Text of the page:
“Altered Reality” certainly takes a different spin on the album sounds, with more robotic effects. It’s the AI system’s views on humanity and reasoning for being unreasonable. Let’s go, “Interlude”! It was 1:06 minutes of what sounded like throat singing in the beginning, and barely any instruments apart from vocals. “Time Machine,” the last track, babes! We made it, and it was one captivating ride to be on. For nearly eight minutes, we are taking into battle between the AI system and the protagonist. But forget the lyrics; the sounds that we hear throughout the song are what catches on. It’s fantastic to listen to some aggressive drumming to some pop-punk to… I’ve tried to talk about this song to multiple people, and words have failed me each time. Because it’s unique, there’s some funk after that five-minute mark. But the song, without a doubt, ends the story and sends a throwback to “Perfect World with Dion’s backing vocals singing,” Another day of tripping out in paradise…”

So, now you’ve read my thesis on Fabled Mind – And I mentioned how you get your hands on it. Well, Fabled Mind went with an untraditional marketing plan for the album. It would be best if you bought it to listen to it. Our streaming platforms only have the released singles, and it’s scheduled for release on all platforms in January 2024. So, the question is – why do this review already now? I’ll get to that, but I want to add if you like Bad Religion, Coheed and Cambria, and general skatepunk, it’s worth every minute. The harmonization that comes between the instruments does a big deal in making the album sound coherent. They might experiment with some different synths, pop-punk, ska, trumpets, aggressive punk, some funk, and much more. But it does work on the album; it adds volume to the lyrics, and that is noticeable during “Time Machine” where Fabled Mind has different genre-inspired melodies that set the mood for the closing song. In certain, the album thrives on the added sound effects and robotic voices and brings in a different dynamic when it comes to working with skatepunk. They tore up the rule book and decided to expand their own creative search for themselves. I would argue that I mentioned earlier that Dion was skilled with a pen. But to be able to create a story like this goes to show that when you mix fantasy with some personal stuff. You get a great concept album.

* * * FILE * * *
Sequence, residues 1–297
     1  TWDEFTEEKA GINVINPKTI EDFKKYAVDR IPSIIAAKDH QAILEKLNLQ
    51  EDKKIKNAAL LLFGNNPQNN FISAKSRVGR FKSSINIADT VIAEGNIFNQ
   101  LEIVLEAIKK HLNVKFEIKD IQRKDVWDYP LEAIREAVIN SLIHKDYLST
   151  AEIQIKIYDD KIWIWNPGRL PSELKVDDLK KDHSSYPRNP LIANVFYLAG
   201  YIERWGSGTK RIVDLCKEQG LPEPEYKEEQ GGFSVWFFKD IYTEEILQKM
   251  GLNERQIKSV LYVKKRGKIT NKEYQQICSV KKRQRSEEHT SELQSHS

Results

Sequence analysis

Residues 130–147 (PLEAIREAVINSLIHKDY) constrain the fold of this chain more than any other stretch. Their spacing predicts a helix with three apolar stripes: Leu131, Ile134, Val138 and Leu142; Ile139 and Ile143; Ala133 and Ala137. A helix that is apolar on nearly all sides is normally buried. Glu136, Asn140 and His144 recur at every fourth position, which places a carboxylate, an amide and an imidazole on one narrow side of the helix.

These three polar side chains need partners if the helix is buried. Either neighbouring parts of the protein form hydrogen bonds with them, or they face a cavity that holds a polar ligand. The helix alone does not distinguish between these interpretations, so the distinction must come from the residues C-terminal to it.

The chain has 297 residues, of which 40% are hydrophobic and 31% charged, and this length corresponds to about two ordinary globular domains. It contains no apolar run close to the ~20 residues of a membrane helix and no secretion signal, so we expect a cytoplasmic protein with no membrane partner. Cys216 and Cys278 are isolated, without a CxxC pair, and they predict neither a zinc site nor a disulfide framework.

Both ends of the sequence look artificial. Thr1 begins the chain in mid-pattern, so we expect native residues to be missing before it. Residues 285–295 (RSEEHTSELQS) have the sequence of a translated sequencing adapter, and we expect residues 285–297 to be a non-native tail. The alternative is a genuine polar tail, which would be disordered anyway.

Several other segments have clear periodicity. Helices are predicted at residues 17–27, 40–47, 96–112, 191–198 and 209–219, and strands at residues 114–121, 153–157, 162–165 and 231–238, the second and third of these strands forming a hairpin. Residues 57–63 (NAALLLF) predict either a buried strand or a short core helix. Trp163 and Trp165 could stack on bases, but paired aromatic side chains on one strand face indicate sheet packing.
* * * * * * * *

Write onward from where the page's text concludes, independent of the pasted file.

Project Paradise takes you on a ride, where you start to visualize the story between the AI system, impending doom, and the protagonist and their resistance group. For some, it may be a hit or miss, a grower, or whatever you can think of. But it’s undoubtedly an album one should add to their vinyl collection.

Listen to “Vultures,” “Time Machine,” “Heirs Of The Stars” & “Architects of Deception”

Buy it here